A tearful radio host has urged his listeners ‘take a moment’ to enjoy life after the death of a legendary journalist who had written about his terminal illness.
US reporter Jack Thomas, 83, died on Saturday after writing about his struggles with an untreatable cancer diagnosis in July, 2021.
Sydney 2GB radio host Ben Fordham reflected on the article Mr Thomas wrote after being told he had just months to live.
‘It is a beautiful yet tragic reminder that life is rich but it’s also brief,’ Fordham told listeners through tears on Thursday.
Boston Globe journalist Jack Thomas (pictured bottom right with his wife and three children in 2016) died on Saturday after writing an article about terminal illness last July
‘So, take a moment today, take a moment this morning, take a moment right now to learn a lesson from Jack Thomas. Be grateful for what you have, spend time with those you love, enjoy it while you can.’
Mr Thomas’s heartbreaking article, published in the newspaper he wrote in for more than 60 years, was a gut-wrenching look at what it means to know death is coming.
He told readers how he started his news career delivering papers at the age of 14 and made his way to the top, working as an ombudsman for the Boston Globe, which he had been reading since he was a boy.
Mr Thomas said one question that always haunted him was how do you spend the final moments of your life when you know death is on its way?
Mr Thomas (pictured working in the Boston Globe newsroom in 1979) wrote about how he worked his way from the bottom to the top, starting as a news delivery boy and ending as an ombudsman for the Boston Globe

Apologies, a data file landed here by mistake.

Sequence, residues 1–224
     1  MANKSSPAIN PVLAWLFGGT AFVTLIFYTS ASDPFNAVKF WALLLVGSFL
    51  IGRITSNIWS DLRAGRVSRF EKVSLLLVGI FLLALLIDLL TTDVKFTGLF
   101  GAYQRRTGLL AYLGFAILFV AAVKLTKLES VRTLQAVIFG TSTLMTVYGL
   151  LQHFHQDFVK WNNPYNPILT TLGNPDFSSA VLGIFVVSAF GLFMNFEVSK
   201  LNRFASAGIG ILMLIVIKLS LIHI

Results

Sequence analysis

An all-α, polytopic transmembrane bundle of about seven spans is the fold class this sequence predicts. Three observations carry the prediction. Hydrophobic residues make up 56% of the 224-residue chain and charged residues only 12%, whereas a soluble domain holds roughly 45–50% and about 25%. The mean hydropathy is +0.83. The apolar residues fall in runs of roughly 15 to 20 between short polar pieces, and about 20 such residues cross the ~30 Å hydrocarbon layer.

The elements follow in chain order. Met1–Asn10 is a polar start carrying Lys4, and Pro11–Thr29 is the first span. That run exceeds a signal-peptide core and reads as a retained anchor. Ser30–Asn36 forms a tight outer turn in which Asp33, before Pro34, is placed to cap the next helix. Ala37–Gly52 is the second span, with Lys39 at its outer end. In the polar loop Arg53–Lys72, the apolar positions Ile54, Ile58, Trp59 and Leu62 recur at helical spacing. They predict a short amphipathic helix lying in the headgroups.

‘As the saying goes, fate has dealt me one from the bottom of the deck, and I am now condemned to confront the question that has plagued me for years,’ he wrote in the Boston Globe last July.
He then went through a list of all the things he’ll miss the most; his wife’s smile, his children’s laughter, his favourite music and beloved rose garden.
‘My wife cries every morning, then rolls up her sleeves and handles all doctor appointments and medication. Without her… I cannot imagine,’ he wrote.
Mr Thomas told how he had been surrounded by death as a reporter but ‘not every story about death has been depressing’.
‘Editing the final details of one’s life is like editing a story for the final time. It’s the last shot an editor has at making corrections, the last rewrite before the roll of the presses.’
Sydney 2GB radio host Ben Fordham (above) read Mr Thomas’s heartbreaking articles following his death on Saturday and called it a ‘beautiful yet tragic reminder that life is rich but it’s also brief’
Mr Thomas wrote in his article that, at the time, he hadn’t experienced any of the pain that goes with the ‘new hell’ of cancer but had already lost nearly 20kg in just three months.
‘After decades of turning down desserts, candies, and pastries to control my weight, it now seems cruel to be pressured to eat more food for which I have less appetite,’ he said.
He wrote of his struggles with the thought of an afterlife and what it would look like, whether it would be too crowded, have strict rules or even exist at all.
‘The final months would be a lot easier if I could be assured that, after death, we’d get a chance to see people who have died already,’ he wrote.
‘After I die, I’m not expecting the world, but this business about the afterlife is more complicated than what they describe in the Bible. ‘
Mr Thomas (pictured in Marsh) died on Saturday at his home in Cambridge, Massachusetts
He said his impending death gave him more ‘clarity’ about the things he appreciates in life.
‘Every day, I look at my wife’s beautiful face more admiringly, and in the garden, I do stare at the long row of blue hydrangeas with more appreciation than before,’ he wrote.
‘As my life nears the finish line, the list of things I’ll miss grows.’
Above all, Mr Thomas’s article revealed that he seemed at ease with his life coming to an end; being content with his time on earth and just wishing he had more.
‘I had a loving family. I had a great job at the newspaper. I met fascinating people, and I saw myriad worldwide wonders. It’s been full of fun and laughter, too, a really good time,’ he wrote.
‘I just wish I could stay a little longer.’
Mr Thomas’s family said he died at his home in Cambridge, Massachusetts.